Dr. Juane Heflin is an Associate Professor in the Department of Educational Psychology and Special Education at Georgia State University. After earning her Bachelor's degree from Abilene Christian University and Master's degree from North Texas State University, she taught for Ft. Worth Independent Schools in a classroom for children with emotional/behavioral disorders and autism where she was given the "Outstanding Young Educator" award in 1987. Her doctorate is from the University of North Texas. Before coming to GSU, she taught at Stephen F. Austin State University. A frequently requested presenter on the topics of autism spectrum disorders and behavioral issues, Dr. Heflin's book, "Students with Autism Spectrum Disorders: Effective Instructional Practices" was published in 2007 by Prentice Hall. She is the co-editor of the journal "Focus on Autism and Other Developmental Disabilities."
Kristen Hess has taught students with special needs in Georgia, New York, and New Jersey. Her work with students with ASD has involved both self-contained and inclusive settings and has spanned early intervention, preschool, elementary, middle, and high school classrooms. After earning her Masterís in Early Childhood Special Education at Bank Street College in New York City, Kristen has taught students with ASD, supervised and trained teachers throughout the state of Georgia, and consulted with school districts to help them better support students with ASD. Kristen is currently a doctoral student at Georgia State University focusing on the area of autism. Her interests include inclusion, supporting challenging behaviors, ASD teacher training and support, and best practice for students on the spectrum.
Liz Novak received her Bachelor's degree in Multicultural Education from the University of Iowa in 1979 and taught 6th grade in Newnan, GA for one year. She returned to the University of Iowa and earned a Masterís degree in Special Education, specializing in Emotional Behavior Disorders. Ms. Novak began working with the North Metro Program in Atlanta in 1982 and was a teacher for students with autism and SEBD for fourteen years. In 1996, Ms. Novak accepted the coordinatorís position for the North Metro Program at Sweet Apple Elementary School in Roswell, GA. She earned her Leadership degree from the State University of West Georgia. Ms. Novak currently coordinates and supervises the North Metro site at Sweet Apple, which serves approximately 50 students with SEBD and Autism. She assisted in the development of a model program at Sweet Apple for students with autism, utilizing Applied Behavior Analysis and the Discrete Trial Training methodology. She continues to recognize her love for working with children of disabilities and enjoys spending as much time as possible interacting with the students in the classroom setting.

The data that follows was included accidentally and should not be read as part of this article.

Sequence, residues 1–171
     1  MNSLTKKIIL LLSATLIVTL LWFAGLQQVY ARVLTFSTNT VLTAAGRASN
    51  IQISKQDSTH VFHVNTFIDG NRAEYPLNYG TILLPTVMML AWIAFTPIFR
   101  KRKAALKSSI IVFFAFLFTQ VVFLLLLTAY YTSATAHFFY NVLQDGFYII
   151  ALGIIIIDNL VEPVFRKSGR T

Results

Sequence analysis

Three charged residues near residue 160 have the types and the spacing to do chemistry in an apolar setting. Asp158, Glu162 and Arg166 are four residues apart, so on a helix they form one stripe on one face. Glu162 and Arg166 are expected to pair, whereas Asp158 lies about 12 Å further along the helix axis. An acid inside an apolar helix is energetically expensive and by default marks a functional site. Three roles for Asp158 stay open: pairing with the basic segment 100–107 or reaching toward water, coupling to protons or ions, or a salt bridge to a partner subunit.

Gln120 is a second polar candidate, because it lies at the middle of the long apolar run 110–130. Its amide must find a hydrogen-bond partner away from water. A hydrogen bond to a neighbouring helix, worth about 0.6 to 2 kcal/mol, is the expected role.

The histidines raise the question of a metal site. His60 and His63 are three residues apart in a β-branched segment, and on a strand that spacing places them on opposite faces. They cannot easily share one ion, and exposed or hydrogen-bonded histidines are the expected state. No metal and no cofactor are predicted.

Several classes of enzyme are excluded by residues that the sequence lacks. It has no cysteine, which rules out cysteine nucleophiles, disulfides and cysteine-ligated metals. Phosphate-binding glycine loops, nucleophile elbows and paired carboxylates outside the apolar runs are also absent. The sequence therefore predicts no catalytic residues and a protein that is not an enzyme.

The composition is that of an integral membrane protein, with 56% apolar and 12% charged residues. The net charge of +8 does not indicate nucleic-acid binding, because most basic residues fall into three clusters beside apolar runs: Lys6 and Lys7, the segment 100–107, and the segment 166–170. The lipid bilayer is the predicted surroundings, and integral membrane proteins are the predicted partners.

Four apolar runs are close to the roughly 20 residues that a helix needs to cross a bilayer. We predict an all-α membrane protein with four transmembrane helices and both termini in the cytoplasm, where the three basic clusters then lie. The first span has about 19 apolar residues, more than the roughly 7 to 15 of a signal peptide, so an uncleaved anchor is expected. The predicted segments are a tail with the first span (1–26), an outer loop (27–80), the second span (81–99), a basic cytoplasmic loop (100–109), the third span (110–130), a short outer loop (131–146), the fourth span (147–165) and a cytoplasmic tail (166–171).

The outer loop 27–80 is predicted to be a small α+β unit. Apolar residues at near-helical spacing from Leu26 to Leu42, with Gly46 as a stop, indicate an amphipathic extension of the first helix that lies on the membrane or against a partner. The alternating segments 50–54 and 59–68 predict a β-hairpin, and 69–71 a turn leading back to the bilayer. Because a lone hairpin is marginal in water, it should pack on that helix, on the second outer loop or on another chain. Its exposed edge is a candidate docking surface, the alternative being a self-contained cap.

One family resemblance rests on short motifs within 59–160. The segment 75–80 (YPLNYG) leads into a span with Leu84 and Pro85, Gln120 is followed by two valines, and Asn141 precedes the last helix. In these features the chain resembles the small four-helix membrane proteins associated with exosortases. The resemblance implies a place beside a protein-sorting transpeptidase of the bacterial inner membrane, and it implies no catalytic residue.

Kelli Moore received her Bachelorís and Masterís degrees from the State University of West Georgia and her Educational Leadership Certification from the University of Georgia. Kelli taught in the Georgia Psychoeducational Network from 1991-1997 at the Sexton Woods Program, Ash Street Center and Flat Shoals Center. After serving as a pre-K thru middle grades supervisor in Clayton County for 9 years, she went back into the classroom in the 2006-2007 school year teaching pre-k and kindergarten students with Autism at South Metro Psychoeducational center.
Joseph Goldberger taught students with intellectual disabilities in Waycross, GA during the middle 1980ís. He has been teaching students with autism through the South Metro Psychoeducational Program since 1986 to present. During this time, Mr. Goldberger has earned his Master's and Educational Specialist degrees from the University of West Georgia. Mr. Goldberger was honored as the Fulton County Elementary Teacher of the Year in 1994; and was 1 of 10 teachers nationwide to win the prestigious Shaklee Award in 2003.
Cynthia D. Golden is a School Psychologist with HAVEN Academyís Psychoeducational Program in Cobb County, Georgia. She graduated from Georgia State University with Masterís and Educational Specialist degrees in School Psychology. Her undergraduate degree is in Special Education and 13 of her 24 years of Special Education experience is in the classroom setting. During her time in the classroom, she was twice elected to serve as Teacher of the Year. Cynthia is currently working on her Doctorate in Inclusive Education at Kennesaw State University. She is completing her first book, "The OMAC System: Organized Management of an Autism Classroom", which focuses on designing the optimum classroom for students with autism.
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